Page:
Great Googlymoogly!  This one is lighting up all over the Internet.  Fossil footprints have been found in the southern Greek Island of Crete, near the village of Trachilos, that appear to have the distinctive heel-toe-off gait of bipedal humans.  The catch? The prints are 5.7 million years old!  From PhysOrg:
Human feet have a very distinctive shape, different from all other land animals. The combination of a long sole, five short forward-pointing toes without claws, and a hallux ("big toe") that is larger than the other toes, is unique. The feet of our closest relatives, the great apes, look more like a human hand with a thumb-like hallux that sticks out to the side. The Laetoli footprints, thought to have been made by Australopithecus, are quite similar to those of modern humans except that the heel is narrower and the sole lacks a proper arch. By contrast, the 4.4 million year old Ardipithecus ramidus from Ethiopia, the oldest hominin known from reasonably complete fossils, has an ape-like foot. The researchers who described Ardipithecus argued that it is a direct ancestor of later hominins, implying that a human-like foot had not yet evolved at that time.

The new footprints, from Trachilos in western Crete, have an unmistakably human-like form. This is especially true of the toes. The big toe is similar to our own in shape, size and position; it is also associated with a distinct 'ball' on the sole, which is never present in apes. The sole of the foot is proportionately shorter than in the Laetoli prints, but it has the same general form. In short, the shape of the Trachilos prints indicates unambiguously that they belong to an early hominin, somewhat more primitive than the Laetoli trackmaker. They were made on a sandy seashore, possibly a small river delta, whereas the Laetoli tracks were made in volcanic ash.
And now, the other shoe.  How do we know how old the fossil footprints are?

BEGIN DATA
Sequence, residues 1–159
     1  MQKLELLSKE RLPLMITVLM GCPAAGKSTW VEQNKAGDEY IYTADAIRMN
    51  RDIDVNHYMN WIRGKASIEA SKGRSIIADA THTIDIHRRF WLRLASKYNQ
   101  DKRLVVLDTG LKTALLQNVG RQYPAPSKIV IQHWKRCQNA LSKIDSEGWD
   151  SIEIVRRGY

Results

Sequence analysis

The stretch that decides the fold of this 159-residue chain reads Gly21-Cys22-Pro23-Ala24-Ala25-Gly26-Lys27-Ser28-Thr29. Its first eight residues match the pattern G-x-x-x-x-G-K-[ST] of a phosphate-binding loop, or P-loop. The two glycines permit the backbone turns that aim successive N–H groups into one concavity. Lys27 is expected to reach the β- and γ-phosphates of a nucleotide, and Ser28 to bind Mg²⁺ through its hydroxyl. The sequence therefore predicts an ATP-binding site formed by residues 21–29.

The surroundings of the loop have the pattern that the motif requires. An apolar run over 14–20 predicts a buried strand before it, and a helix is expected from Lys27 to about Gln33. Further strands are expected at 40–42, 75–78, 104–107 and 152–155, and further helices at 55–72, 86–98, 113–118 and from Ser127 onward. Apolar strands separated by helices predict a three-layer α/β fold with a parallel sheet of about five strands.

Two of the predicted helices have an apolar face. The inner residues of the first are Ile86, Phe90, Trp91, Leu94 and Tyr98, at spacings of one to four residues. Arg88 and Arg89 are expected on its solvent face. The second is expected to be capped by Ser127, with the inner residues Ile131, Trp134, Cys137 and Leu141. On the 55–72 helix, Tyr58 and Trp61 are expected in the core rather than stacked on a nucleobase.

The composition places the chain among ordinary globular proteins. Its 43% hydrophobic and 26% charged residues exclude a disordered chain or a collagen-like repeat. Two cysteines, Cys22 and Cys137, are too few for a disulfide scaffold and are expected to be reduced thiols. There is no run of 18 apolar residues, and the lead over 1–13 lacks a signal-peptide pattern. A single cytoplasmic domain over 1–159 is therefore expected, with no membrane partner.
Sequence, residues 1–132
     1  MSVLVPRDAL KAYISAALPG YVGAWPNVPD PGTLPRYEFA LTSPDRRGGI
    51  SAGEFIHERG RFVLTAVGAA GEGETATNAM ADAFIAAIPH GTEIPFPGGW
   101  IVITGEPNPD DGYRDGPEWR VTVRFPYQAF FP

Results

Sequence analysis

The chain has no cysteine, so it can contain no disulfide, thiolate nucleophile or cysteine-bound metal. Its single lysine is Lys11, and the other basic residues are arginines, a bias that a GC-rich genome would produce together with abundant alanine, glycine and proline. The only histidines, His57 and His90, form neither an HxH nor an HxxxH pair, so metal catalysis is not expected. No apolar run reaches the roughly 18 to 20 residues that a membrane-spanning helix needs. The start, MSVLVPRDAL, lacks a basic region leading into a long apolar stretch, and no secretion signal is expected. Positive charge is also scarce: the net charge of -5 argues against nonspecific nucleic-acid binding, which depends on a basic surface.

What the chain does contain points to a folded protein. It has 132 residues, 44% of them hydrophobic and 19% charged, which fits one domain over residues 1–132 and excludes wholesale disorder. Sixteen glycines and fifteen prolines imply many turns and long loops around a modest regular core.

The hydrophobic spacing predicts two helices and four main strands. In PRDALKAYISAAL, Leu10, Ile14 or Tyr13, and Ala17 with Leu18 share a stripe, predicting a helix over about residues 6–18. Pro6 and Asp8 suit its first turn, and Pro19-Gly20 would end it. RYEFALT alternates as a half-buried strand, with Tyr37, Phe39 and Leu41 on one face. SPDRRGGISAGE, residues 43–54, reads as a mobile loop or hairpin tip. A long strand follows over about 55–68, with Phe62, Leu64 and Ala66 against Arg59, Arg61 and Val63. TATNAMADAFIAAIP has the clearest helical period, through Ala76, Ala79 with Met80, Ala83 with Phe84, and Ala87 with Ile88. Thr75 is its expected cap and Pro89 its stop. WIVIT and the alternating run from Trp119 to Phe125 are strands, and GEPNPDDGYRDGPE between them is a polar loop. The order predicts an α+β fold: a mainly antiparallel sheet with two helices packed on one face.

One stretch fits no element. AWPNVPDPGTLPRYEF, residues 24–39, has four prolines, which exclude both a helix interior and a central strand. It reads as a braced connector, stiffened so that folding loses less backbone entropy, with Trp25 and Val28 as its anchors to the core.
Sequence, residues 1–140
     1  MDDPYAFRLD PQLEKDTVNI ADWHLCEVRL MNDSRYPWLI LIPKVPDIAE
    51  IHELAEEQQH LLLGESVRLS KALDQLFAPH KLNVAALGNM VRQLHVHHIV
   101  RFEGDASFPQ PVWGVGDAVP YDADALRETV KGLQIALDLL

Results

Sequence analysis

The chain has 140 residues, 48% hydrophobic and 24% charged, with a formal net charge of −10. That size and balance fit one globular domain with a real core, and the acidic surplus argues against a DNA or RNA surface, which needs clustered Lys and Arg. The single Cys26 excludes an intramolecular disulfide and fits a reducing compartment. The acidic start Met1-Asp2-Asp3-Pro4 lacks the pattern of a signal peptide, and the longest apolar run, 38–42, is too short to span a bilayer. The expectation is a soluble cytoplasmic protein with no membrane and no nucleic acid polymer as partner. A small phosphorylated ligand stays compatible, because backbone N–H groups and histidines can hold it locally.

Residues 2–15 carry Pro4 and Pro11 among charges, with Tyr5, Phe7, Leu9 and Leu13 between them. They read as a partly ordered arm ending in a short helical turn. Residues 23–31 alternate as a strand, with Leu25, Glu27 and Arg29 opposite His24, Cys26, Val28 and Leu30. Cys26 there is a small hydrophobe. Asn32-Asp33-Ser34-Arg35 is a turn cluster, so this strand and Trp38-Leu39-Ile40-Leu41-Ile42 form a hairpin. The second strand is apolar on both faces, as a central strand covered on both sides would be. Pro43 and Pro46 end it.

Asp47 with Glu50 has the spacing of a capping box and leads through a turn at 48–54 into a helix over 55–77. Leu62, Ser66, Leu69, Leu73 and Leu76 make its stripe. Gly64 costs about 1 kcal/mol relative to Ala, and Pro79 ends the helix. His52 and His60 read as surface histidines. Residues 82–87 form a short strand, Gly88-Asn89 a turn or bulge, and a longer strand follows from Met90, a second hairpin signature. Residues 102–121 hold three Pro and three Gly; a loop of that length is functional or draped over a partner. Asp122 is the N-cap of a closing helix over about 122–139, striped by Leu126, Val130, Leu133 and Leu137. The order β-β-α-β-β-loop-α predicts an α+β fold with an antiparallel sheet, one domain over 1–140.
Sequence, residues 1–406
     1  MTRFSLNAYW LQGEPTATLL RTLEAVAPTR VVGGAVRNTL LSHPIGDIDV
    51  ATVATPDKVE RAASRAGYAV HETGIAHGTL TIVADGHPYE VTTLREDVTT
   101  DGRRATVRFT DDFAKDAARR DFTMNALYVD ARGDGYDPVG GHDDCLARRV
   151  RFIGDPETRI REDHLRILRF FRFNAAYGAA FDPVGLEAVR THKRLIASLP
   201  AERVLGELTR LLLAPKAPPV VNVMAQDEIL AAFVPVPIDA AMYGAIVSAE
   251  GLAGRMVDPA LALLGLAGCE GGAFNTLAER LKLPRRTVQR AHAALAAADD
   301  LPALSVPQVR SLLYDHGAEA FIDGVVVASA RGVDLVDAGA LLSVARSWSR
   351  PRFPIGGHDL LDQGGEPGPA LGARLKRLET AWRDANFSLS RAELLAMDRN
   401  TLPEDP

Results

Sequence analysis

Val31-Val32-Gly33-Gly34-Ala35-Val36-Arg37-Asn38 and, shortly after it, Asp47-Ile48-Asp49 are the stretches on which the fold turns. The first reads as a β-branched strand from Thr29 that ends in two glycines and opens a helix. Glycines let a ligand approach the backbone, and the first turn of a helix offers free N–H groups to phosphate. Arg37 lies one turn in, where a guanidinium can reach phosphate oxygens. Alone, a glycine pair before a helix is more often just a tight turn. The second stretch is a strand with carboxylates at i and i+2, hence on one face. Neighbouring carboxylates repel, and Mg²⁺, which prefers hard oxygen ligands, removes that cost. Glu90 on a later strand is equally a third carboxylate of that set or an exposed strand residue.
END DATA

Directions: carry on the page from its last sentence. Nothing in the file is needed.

The coastal rocks at Trachilos, west of Kissamos Harbour in western Crete (Fig. 1a–c), lie within the Platanos Basin, and present a succession of shallow marine late Miocene carbonates and siliciclastics of the Roka Formation, a local development of the Vrysses Group (Freudenthal, 1969 ; van Hinsbergen and Meulenkamp, 2006; Figs. 1d, e and 3a, b). At the top, this marine succession terminates abruptly in the coarse-grained terrigenous sedimentary rocks of the Hellenikon Group (Figs. 1d and 3e, f), which formed by the desiccation of the Mediterranean Basin during the Messinian Salinity Crisis (van Hinsbergen and Meulenkamp, 2006), an event dated to approximately 5.6 Ma (Govers, 2009). The succession (Fig. 1d) contains an emergent horizon with well-preserved terrestrial trace fossils and microbially induced sedimentary structures (Fig. 3d) immediately overlying shallow water ripplemark structures (Fig. 3c).1
So, the authors are a tad more circumspect than the writers of the PhysOrg story.  The authors posit two hypotheses for their results: 1. the tracks represent the gait of a basal hominin, which explains the non-divergence and shape of the big toe as well as the shape of the ends of the other toes, which resemble those of a human foot and not a non-human foot.  This fits approximately with the dates of the north African remains of Orrorin and, perhaps, that of Sahelanthropus (although that is pretty much a surface find).

The Messinian Crisis was a period of time during the Miocene epoch during which the Mediterranean Sea almost completely dried up.  This crisis began around 6 million years ago and ended around 5.3 million years ago with what is known as the Zanclean flood.  It is estimated that once the barrier at the Strait of Gibraltar was broken, the Mediterranean Sea refilled within two years, which means that the sea level rose at an estimated 30 feet per day.

Okay...now, lets go back here, to the story that came out about four months ago, establishing the possibility that the last common ancestor to apes and humans was in Europe.  In that study, a jaw with human root patterns and an isolated premolar that have both been attributed to Graecopithecus, were re-examined and found by the researchers to have hominin affinities, a surprising conclusion, given their age of 7.15 million years.  At the time that story appeared, I remarked that it was a bit of a stretch to hang one's hat on one premolar and partial ape-like mandible, but in the context of the new finds, maybe not so much.  This strengthens the (admittedly far-fetched) notion that our ancestors did, in fact, originate somewhere in southeast Mediterranean Europe and, over the course of the next two and half million years ago, migrated south to north Africa.